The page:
One of the most serious threats to the success of a small business is employee theft. Misplaced trust, lax hiring and supervision, and a failure to implement basic financial controls can lead to an environment that is ripe for internal theft and fraud.
The Association of Certified Fraud Examiners (ACFE) estimates that the typical business will lose an average of six percent of revenues from employee theft. The ACFE Report to the Nation on Occupational Fraud and Abuse indicates that small businesses suffer disproportionate losses because of the limited resources they have to devote to detecting fraud. And a U.S. Chamber of Commerce survey reported that one-third of business bankruptcies are due to employee theft.
Small business owners can help protect their businesses from employee theft and fraud by following these eight recommendations.
1. Create a positive work environment. A positive work environment encourages employees to follow established policies and procedures, and act in the best interests of the organization. Fair employment practices, written job descriptions, clear organizational structure, comprehensive policies and procedures, open lines of communication between management and employees, and positive employee recognition will all help reduce the likelihood of internal fraud and theft.
2. Implement internal controls. These measures are designed to ensure the effectiveness and efficiencies of operations, compliance with laws and regulations, safeguarding of assets, and accurate financial reporting. The controls for safeguarding assets and financial reporting require policies and procedures addressing:
- Separation of duties. No employee should be responsible for both recording and processing a transaction.
- Access controls. Access to physical and financial assets and information, as well as accounting systems, should be restricted to authorized employees.
- Authorization controls. Develop and implement policies to determine how financial transactions are initiated, authorized, recorded, and reviewed. Internal controls will reduce opportunities for fraud.
3. Hire honest people. Of course, this is the goal of every company, and is easier said than done. But if you have weak (or nonexistent) internal fraud controls, it’s even more important to make sure your employees are honest. Dishonest employees will ignore your attempts to provide a positive work environment, and search for ways to defeat even the most comprehensive internal controls. Learn more about Ethics and People Management.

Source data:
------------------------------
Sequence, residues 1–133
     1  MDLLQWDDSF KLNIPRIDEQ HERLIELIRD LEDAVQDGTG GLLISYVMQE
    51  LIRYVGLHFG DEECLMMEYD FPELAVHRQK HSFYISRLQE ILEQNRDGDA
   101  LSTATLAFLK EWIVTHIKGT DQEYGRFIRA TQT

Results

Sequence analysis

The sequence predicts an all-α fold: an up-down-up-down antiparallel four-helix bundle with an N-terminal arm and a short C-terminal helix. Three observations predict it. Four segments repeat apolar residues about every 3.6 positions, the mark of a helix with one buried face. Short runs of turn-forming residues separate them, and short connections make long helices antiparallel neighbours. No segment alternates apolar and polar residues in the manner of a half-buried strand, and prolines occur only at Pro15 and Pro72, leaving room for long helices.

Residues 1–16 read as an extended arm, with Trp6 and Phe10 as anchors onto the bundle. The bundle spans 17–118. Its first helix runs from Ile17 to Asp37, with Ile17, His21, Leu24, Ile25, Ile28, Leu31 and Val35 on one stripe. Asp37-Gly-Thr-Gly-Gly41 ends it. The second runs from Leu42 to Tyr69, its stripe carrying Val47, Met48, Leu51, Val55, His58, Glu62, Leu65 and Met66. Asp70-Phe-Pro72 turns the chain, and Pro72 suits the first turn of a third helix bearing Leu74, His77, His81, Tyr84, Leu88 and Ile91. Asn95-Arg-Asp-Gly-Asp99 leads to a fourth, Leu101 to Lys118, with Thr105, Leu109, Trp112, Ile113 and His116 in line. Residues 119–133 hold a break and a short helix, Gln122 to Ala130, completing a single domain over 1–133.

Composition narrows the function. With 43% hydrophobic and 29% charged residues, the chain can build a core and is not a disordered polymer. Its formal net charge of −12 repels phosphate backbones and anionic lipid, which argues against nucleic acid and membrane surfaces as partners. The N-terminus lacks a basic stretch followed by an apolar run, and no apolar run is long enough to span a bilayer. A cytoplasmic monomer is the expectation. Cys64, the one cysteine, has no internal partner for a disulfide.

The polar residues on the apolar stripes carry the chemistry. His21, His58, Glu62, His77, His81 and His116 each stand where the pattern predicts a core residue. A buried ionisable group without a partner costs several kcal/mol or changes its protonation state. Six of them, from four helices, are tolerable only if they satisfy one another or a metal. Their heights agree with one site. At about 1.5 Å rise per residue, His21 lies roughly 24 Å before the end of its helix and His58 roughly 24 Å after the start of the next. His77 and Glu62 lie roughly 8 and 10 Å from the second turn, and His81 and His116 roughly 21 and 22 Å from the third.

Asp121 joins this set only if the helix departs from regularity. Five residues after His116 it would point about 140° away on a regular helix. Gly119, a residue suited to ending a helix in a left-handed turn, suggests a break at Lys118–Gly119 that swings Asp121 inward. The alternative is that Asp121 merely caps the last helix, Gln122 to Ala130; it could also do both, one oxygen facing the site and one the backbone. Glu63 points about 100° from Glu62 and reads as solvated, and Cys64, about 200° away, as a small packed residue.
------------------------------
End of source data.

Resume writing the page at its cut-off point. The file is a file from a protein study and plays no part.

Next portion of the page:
Preemployment background checks are an excellent way to cut down on hiring dishonest employees. A thorough preemployment background check should include:
- Criminal history for crimes involving violence, theft, and fraud;
- Civil history for lawsuits involving collections, restraining orders, and fraud;
- Driver’s license check for numerous or serious violations;
- Education verification for degrees from accredited institutions;
- Employment verification of positions, length of employment, and reasons for leaving.
4. Educate your employees. You need to inform your employees about your policies and procedures related to fraud, the internal controls in place to prevent fraud, the organization’s code of conduct and ethics policies, and how violations of these policies will be disciplined. Every employee should sign a form to verify receipt of this material. Employees should receive annual training on these topics and on the definition of what’s considered fraudulent behavior, and sign an acknowledgement each time. Read more about Preventing Crime and Violence in the Workplace.
5. Implement an anonymous reporting system. Every organization should provide a confidential reporting system for employees, vendors, and customers to anonymously report any violations of policies and procedures. Promote and encourage the use of the reporting system whenever possible.
6. Perform regular — and irregular — audits. Every company should have regular assessments, but random, unannounced financial audits and fraud assessments can help identify new vulnerabilities, and measure the effectiveness of existing controls. It also lets employees know that fraud prevention is a high priority for the organization.
7. Investigate every incident. A thorough and prompt investigation of policy and procedure violations, allegations of fraud, or warning signs of fraud will give you the facts you need to make informed decisions and reduce losses.
8. Lead by example. Senior management and business owners set the example for the organization’s employees. A cavalier attitude toward rules and regulations by management will soon be reflected in the attitude of employees. Every employee — regardless of position — should be held accountable for their actions.
Implementing these recommendations can dramatically reduce the opportunity for employee theft and protect the assets of your business. If you suspect fraudulent activity by an employee, seek professional assistance to conduct the investigation. Determine what’s necessary to protect your business and prevent a reoccurrence.
— Larry Cook
Larry Cook is certified fraud examiner and certified protection professional with more than 25 years of fraud-investigation and assessment experience.